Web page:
Published March 11, 2005
Tender Steps Towards Grace
I must admit that I approached Tenderfoot’s debut with some caution even if the word on the street was mostly favourable. The first couple of songs I had heard before and the cover art made me wonder if Tenderfoot were maybe a bit too pretentious for their own good. But as the old saying goes, you can’t judge a book (or a CD for that matter) by its cover, so I still gave it the benefit of the doubt before pressing play…
My fears were somewhat confirmed when the overly melodramatic “Beautiful Son” opens the album but thankfully, the band manages to straighten the ship on a more upbeat country number titled….erm, “Country” and then sail effortlessly on course for the remainder of the album. That may not sound like a compliment but in this case it is, with the subtle melodies suiting Tenderfoot’s laidback approach. So if you’re still unclear, the ethereal and aptly titled Without Gravity actually surpassed my early expectations and certainly gets my recommendation as a nice alternative-country album for beginners.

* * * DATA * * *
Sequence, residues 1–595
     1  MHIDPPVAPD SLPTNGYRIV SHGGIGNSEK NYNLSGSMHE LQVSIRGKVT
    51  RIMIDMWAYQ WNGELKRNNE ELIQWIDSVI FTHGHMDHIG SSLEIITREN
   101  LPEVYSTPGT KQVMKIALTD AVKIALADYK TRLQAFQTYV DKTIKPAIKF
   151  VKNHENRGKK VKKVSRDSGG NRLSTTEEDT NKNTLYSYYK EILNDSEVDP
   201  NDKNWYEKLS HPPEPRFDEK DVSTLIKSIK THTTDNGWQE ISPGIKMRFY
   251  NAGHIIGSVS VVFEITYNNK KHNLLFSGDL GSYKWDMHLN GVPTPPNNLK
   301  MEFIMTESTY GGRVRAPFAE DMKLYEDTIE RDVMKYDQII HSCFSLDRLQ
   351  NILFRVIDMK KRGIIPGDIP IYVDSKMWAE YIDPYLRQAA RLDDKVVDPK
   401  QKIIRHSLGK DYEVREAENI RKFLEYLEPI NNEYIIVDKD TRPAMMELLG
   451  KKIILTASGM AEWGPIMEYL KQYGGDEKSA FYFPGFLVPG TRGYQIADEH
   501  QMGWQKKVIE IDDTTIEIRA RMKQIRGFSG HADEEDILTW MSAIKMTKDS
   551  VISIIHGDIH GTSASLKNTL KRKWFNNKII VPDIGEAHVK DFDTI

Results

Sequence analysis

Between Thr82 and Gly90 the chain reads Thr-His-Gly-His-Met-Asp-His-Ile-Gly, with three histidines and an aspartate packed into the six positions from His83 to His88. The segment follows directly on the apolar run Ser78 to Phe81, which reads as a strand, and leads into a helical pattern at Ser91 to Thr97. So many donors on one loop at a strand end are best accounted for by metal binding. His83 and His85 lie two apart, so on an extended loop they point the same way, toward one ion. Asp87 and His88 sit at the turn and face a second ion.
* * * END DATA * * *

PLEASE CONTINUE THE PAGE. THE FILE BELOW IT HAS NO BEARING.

The main reason for the “for beginners” tag is that it’s neither overly groundbreaking nor challenging and accessible enough to win over a few people unfamiliar with the genre. Jeff Buckley’s only album, Grace, is a huge reference point as well as the work of other usual suspects such as Nick Drake, Gram Parsons, Neil Young and Elliott Smith. With the backbone of Tenderfoot’s music being the influences of such great musicians, the quartet is obviously destined to pale in comparison but as debuts go, Without Gravity is certainly a promising one with its soft and sweet harmonies. The ingredients are certainly there and in Karl Henry, the band has an undeniably gifted vocalist who, much like the band itself, is only a step away from discovering his own unique voice.